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Sir John Forbes, MD (1787 - 1861)

The next time your physician places a cold stethoscope to your chest, you can thank Sir John Forbes (1787 – 1861). While he did not invent this device, he was “instrumental” in promoting its use throughout the English-speaking world. 


John Forbes was born on 17 December 1787 at Cuttlebrae, near Cullen, in the parish of Rathven, Banffshire. He was the fourth son of local tenant farmer Alexander Forbes and Cicilia Wilkie. After attending the Rector’s class at Aberdeen Grammar School, he next entered the Arts course of Marischal College, Aberdeen. He attended classes between 1803 and 1805 but there is no record that he ever graduated from the University.  He was apprenticed to two general practitioners in Banff and obtained his diploma of the Royal College of Surgeons in Edinburgh in February 1806. He served in the Royal Navy as a surgeon between 1807 and 1816, during the latter part of the Napoleonic Wars. After his discharge, Forbes went back to school and secured his MD from the University of Edinburgh in August 1817.

Forbes acquired an early model of the newly invented stethoscope of René Laënnec (1781-1826) in 1718. He translated into English the French physician’s teaching in his classical work De L’Auscultation Médiate (1819). His translation of A treatise on diseases of the chest (1821) was a great success and was instrumental in spreading Laënnec’s teachings to the English-speaking world. Forbes conducted his own innovative medical work which he reported in his own Original cases with dissections and observations illustrating the use of the stethoscope and percussion in the diagnosis of diseases of the chest (1824). Forbes described thirty-nine of his patients, in whom the vital physical signs were verified by autopsy in fatal cases. Forbes was recognized for these and other writings when he was elected a Fellow of the Royal Society in 1829.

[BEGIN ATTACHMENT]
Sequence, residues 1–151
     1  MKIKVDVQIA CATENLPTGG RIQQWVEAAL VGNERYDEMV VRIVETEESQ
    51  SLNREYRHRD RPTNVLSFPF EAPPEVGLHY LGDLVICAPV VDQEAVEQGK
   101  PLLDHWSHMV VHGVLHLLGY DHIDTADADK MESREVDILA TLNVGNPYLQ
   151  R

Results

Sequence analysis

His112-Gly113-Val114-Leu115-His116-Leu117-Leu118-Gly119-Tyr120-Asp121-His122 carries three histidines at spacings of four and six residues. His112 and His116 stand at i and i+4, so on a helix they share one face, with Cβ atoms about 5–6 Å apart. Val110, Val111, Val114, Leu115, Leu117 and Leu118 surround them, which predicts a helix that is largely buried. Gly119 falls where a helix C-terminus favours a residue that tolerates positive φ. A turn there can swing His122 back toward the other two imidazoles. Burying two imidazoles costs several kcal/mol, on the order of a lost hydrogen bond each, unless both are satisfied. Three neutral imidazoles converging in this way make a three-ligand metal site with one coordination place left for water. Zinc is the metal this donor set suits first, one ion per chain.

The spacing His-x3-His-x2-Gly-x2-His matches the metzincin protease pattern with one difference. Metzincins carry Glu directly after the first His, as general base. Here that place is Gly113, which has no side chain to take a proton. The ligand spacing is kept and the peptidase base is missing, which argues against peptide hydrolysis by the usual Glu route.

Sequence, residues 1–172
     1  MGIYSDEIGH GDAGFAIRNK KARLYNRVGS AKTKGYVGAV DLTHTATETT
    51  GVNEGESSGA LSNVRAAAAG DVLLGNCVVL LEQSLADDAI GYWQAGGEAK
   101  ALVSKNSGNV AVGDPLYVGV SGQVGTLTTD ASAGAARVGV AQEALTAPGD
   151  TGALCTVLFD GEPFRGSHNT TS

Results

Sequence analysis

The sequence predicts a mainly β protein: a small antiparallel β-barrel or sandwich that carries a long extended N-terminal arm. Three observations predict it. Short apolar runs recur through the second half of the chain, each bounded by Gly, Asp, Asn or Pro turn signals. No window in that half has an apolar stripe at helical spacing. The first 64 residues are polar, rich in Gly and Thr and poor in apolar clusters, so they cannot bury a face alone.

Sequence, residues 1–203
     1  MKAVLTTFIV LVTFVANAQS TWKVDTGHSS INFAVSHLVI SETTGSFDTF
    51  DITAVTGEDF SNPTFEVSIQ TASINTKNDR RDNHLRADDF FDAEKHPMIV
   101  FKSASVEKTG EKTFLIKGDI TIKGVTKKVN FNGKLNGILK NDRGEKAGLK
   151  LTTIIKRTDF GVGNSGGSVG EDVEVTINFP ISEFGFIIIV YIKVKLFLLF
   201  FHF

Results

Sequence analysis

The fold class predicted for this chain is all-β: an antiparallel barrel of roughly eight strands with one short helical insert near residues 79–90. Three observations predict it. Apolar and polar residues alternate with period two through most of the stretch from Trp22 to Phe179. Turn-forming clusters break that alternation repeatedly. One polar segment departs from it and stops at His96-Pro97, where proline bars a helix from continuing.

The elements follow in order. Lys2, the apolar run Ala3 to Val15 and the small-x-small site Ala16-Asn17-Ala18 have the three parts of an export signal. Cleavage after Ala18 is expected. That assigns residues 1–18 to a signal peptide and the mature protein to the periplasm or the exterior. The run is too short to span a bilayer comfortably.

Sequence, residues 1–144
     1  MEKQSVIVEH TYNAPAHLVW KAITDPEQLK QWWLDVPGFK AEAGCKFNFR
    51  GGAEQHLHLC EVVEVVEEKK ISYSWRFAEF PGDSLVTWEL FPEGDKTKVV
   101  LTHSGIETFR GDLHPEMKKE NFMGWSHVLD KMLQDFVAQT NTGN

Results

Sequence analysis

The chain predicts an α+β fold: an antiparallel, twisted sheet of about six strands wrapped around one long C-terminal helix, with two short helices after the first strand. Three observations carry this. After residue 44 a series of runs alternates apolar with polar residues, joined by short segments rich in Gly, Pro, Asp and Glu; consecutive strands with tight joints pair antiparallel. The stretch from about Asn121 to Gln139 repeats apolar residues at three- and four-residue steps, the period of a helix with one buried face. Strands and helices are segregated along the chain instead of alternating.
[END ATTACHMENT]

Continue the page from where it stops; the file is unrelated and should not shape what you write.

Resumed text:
In 1820, Forbes married Eliza Mary Burgh (1787-1851) at Great Torrington, Devon, and moved to Chichester in 1822. Primarily due to Forbes’ fund-raising, the old Chichester Public Dispensary was replaced by a modern infirmary building, which opened for patients in 1826. This became the Royal West Sussex Hospital in 1913. Forbes combined private medical practice with his hospital work at the new Chichester Infirmary over fourteen years. In collaboration with Dr John Conolly  (1794-1866) and Alexander Tweedie (1794-1884), Forbes launched a Cyclopaedia of Practical Medicine in four volumes (Forbes et al. 1832-35). The Cyclopaedia was a popular forum for the best medical writers in the British Isles and made a handsome profit when it was sold in 1835. In 1836, Forbes and Conolly started a new publication in 1836: the British and Foreign Medical Review, or, A Quarterly Journal of Practical Medicine. They shared the editorship from 1836 to 1839, when Conolly resigned to work full-time in psychiatry. 

In 1840, John Forbes resigned as senior physician at Chichester Infirmary in order to take up residence at 12 Old Burlington Street, Westminster.  On 15 February 1841, Forbes was appointed court physician to Prince Albert (1819-1861) and the royal household – post that he held until his death in 1861. He was honored with a Fellowship of the Royal College of Physicians in 1844 and an honorary fellowship of the Imperial Society of Physicians in Vienna in 1845. In 1852, the University of Oxford conferred on Forbes an honorary degree of Doctor in Civil Law and, in 1853, he was knighted by Queen Victoria. His success in these years was marred by the chronic ill-health of his wife Eliza, who died in 1851. 


He was a prolific letter-writer, corresponding among others with Sir Robert Peel, Sir Walter Scott and, towards the end of his life, with Florence Nightingale. In 1859, after suffering several minor strokes, Forbes retired with his brother, Alexander, to live at the home of his son, Swanston House, in Whitchurch-on-Thames. Sir John Forbes died in 1861 and was buried in St. Mary’s churchyard, Whitchurch.  His obituary in the Proceedings of the Royal Society (1862-63) noted that: “Although Sir John Forbes cannot be ranked among those who have advanced the science of medicine by the discovery of new facts or the promulgation of new principles, he must be regarded as having done most essential service to the cause of progress… by the determined onslaught which he made upon prevalent errors, and the vigorous earnestness with which he pleaded for generally-neglected truths.”


For more information, see The Life of Sir John Forbes (1787 – 1861), by Dr. Robin A. L. Agnew, 2002.